In the middle of the titlebar, we find the name of our file and the name of the application (b).

On the right of the titlebar, we have the “Minimize”, “Maximize” and “Close” (c) buttons.

Under the titlebar, we have the “Ribbon” (2). In the “Ribbon”, we find all the task buttons which help us perform all the tasks in “PowerPoint”.

What’s new in the 2010 version of “PowerPoint” is that, we can customize the “Ribbon”. This was not the case in the 2007 version. More on customizing the “Ribbon” and the “Quick Access” toolbar in the next lesson.

The current slide in which we are working is shown (3) under the “Ribbon”. On the left side, we find the different slides that are used in the presentation (4). At the bottom of the window, we have the “Status Bar” (5), containing the different display (d) and the zoom controls (e).

introduction to powerpoint 2010

The “Ribbon”

At the top, we have nine standard “Ribbon” tabs:

“File” – “Home” – “Insert” – “Design” – “Transitions” – “Animations” – “Slide Show” -“Review” – “View”

Clicking a tab gives us various groups in the “Ribbon”, depending on the selected tab. For example, the “Home” tab, has the “Clipboard”, “Slides”, “Font”, “Paragraph,” “Drawing” and “Editing” groups. You can see this in the image below.

Each group has its own command buttons which will be explained further in the following lessons.

introduction to powerpoint 2010

Those of us who have worked with the 2007 version of “PowerPoint” will have noticed that, the “Office Button” (1) has disappeared. This has been replaced with the “File” (2) button. Clicking this button takes you to the “Backstage” view, which I explain more extensively in a later lesson.

introduction to powerpoint 2010

Customizing the “Quick Access” toolbar

As mentioned earlier, we can modify the “Ribbon” and the “Quick Access” toolbar.

Let me first start with the “Quick Access” toolbar. This is the easiest and quickest.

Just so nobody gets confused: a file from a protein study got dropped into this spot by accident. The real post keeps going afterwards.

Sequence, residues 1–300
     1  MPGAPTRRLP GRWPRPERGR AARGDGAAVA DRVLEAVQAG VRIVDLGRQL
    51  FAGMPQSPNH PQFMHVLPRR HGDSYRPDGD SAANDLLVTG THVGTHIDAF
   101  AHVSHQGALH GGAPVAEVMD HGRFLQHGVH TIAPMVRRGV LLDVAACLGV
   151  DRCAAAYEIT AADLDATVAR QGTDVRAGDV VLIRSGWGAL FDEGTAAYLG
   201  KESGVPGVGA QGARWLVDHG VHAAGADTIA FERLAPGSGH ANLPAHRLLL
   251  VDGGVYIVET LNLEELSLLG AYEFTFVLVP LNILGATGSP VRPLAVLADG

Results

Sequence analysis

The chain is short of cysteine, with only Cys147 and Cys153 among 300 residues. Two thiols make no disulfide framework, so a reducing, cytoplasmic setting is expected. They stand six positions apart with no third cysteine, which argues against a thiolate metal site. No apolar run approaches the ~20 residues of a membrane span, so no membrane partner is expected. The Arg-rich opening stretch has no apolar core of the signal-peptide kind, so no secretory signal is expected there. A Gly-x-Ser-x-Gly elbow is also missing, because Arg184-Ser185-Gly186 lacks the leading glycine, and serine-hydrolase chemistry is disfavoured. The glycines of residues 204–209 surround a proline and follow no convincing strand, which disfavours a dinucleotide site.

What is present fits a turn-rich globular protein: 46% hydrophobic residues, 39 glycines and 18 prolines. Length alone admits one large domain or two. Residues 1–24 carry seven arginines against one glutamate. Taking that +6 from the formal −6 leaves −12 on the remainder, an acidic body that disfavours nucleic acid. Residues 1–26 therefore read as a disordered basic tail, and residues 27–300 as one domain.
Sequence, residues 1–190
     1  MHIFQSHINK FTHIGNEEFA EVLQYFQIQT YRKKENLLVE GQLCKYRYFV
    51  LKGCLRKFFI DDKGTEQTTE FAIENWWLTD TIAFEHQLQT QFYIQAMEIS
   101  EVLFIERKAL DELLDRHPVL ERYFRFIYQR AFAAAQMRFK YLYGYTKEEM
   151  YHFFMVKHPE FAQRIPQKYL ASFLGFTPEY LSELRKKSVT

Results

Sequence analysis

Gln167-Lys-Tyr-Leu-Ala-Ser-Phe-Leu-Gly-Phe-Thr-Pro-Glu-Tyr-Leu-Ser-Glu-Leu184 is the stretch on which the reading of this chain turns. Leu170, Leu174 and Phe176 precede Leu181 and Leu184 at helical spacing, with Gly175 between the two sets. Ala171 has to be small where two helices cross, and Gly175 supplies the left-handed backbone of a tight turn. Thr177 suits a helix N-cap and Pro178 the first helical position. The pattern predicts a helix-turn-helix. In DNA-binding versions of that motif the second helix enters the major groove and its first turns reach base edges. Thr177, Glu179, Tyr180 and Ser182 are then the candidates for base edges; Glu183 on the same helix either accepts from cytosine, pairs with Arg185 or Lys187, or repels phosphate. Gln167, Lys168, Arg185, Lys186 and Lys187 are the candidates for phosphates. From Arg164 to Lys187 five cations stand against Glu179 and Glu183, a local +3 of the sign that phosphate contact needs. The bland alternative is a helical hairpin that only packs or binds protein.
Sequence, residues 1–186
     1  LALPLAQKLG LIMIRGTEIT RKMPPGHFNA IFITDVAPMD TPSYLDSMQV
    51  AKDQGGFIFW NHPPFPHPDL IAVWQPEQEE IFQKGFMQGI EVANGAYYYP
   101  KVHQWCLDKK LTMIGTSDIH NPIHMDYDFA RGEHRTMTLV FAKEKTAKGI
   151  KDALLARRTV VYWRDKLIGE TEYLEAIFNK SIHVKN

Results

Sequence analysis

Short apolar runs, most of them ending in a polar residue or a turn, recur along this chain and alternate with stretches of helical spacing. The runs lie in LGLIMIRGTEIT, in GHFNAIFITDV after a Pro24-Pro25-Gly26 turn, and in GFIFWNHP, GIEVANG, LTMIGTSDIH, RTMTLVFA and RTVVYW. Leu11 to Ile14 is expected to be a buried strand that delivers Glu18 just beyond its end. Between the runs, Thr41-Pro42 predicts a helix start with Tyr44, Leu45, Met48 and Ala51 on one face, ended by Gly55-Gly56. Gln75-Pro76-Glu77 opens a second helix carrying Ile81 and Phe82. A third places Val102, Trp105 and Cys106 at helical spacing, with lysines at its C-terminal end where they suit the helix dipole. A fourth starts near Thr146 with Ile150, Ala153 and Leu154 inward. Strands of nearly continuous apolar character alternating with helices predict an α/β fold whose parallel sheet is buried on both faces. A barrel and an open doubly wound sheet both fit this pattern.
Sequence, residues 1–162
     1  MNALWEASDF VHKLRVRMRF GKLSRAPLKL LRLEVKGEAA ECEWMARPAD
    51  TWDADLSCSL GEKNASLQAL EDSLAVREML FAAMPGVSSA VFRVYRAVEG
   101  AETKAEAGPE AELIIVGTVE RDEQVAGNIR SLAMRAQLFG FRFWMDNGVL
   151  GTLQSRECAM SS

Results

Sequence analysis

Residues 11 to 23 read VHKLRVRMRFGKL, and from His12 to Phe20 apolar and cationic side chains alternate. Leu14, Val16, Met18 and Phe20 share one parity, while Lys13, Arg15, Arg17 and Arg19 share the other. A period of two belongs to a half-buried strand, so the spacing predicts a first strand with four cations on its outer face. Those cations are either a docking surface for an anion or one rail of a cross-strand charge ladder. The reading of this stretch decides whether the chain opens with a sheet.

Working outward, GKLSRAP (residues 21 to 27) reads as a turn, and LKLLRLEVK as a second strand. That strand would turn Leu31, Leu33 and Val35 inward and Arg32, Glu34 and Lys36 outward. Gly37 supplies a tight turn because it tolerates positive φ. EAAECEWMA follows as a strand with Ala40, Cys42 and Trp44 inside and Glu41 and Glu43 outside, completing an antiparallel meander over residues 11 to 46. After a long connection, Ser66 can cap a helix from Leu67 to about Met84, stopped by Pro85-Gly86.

By clicking on the downward pointing arrow next to the toolbar, we can add commands.

The most commonly used commands appear in a drop-down list. If you want to add a command to the “Quick Access” toolbar, then click the command in the list. You will see that this is now checked.

If you would like to remove a command from the “Quick Access” toolbar, click it again to uncheck the command in the list. Or a second way to do this is, to right-click the command in the toolbar and choose “Remove from Quick Access Toolbar”

If you want to add a command that is not on the list, click “More Commands ..”.

This opens the “PowerPoint Options” dialog tab where the “Quick Access Toolbar” is selected.

All available commands in “PowerPoint” can be found in these lists.

Commands are divided into categories. Click the downward pointing arrow to choose another category from the “Choose commands” from the drop-down list box.

Select the command in the left pane and click the “Add >>” button. To remove a command, select the command in the right pane and click the “<<Remove” button.

By clicking on the up and down arrows, you can change the positioning of the commands in the “Quick Access” Toolbar.

In the “Customize Quick Access Toolbar:” drop down list, you can choose whether you want these settings applied to all documents “For all documents” or just for the document (“For Presentation..”) that you are currently working with.

introduction to powerpoint 2010